2. February 8, 2015

    I really love this. Haven’t read the piece by Oprah that you cite but it doesn’t surprise me at all. I have to watch myself because I can get very short with my occasionally long-winded husband … and I know it’s not fair. And agree that Date Night alone cannot fit a reality full of yuckiness – we need to be aware all the time. xox

  3. February 9, 2015

    Your fifth tip is so important. It’s so very easy to get hung up on all the things that aren’t instead of remembering and celebrating all the things that have been.

  4. February 9, 2015

    That second one. Holy hell, do I feel you. I’m trying really hard to be better at listening to him, but our storytelling styles are veeeeeeeeery different. I’m definitely the animated blabber mouth and he’s all about recounting every detail. It’s hard to focus and I know that he notices. Oy.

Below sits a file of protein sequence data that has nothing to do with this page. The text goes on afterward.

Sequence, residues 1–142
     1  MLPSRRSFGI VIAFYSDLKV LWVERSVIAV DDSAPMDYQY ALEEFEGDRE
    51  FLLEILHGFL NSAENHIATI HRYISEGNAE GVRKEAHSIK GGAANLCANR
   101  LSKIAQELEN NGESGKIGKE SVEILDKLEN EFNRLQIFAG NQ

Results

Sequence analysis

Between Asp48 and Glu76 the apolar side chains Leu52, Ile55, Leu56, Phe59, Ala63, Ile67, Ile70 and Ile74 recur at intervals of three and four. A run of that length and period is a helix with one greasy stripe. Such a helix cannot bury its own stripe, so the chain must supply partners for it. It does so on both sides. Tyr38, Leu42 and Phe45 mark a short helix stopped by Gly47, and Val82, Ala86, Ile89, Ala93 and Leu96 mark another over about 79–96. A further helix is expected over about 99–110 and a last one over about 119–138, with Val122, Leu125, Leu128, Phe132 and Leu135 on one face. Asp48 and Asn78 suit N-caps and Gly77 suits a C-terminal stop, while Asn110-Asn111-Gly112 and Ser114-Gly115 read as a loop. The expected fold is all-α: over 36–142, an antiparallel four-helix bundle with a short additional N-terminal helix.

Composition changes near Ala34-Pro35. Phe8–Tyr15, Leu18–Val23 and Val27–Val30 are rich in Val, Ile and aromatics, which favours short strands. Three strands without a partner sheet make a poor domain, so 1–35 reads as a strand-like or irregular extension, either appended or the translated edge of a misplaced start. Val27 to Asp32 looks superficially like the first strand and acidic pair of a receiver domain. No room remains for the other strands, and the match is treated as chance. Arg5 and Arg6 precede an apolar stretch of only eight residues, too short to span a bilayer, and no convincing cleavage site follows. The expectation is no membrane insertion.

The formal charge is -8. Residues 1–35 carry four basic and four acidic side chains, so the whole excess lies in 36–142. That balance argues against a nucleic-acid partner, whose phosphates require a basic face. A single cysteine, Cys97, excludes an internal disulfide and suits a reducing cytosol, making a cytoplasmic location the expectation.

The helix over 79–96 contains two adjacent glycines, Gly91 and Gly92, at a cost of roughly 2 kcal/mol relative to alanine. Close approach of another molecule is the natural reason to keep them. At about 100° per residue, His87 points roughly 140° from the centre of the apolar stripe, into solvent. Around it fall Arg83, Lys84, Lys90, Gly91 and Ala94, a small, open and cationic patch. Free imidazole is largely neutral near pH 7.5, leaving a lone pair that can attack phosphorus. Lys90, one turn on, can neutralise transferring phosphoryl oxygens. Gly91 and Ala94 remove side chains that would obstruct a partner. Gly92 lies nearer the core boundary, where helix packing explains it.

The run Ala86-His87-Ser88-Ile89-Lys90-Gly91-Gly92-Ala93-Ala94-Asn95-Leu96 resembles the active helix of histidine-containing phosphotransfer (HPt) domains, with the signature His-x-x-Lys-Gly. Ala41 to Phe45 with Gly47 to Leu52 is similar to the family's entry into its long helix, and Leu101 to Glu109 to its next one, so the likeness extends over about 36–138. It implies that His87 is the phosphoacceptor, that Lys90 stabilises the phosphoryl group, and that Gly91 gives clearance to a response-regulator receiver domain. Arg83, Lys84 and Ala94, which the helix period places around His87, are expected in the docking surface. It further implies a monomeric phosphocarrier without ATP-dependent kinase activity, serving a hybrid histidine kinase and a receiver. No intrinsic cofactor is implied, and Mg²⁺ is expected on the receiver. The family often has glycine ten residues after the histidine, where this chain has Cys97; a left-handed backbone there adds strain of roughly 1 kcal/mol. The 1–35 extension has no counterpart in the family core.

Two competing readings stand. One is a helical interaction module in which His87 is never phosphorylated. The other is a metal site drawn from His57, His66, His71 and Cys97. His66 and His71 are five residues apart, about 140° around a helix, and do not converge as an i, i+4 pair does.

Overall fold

• WWGD permalink*
      February 10, 2015

      Ha, that’s exactly our issue. Though I will say that since I wrote this post and (politely) pointed it out, we are BOTH more aware of it…and it has helped already. Two sides to every story and all that 😉

  5. February 14, 2015

    Reaallyyy loved this! 🙂 Some good points..

  6. February 24, 2015

    these tips are great! loved reading them. such good advice. and WOW! can’t believe you guys have been together 20 years!!

  7. elizabeth duncan permalink
    February 25, 2015

    Great post, again! I’m a newlywed and need a lot of advice, but there is a lot of bad advice out there. Thank you for some positive styles of approaching a long term future together. I really like the goal-planning tip. We have just started doing something similar and it is so nice to have that support system.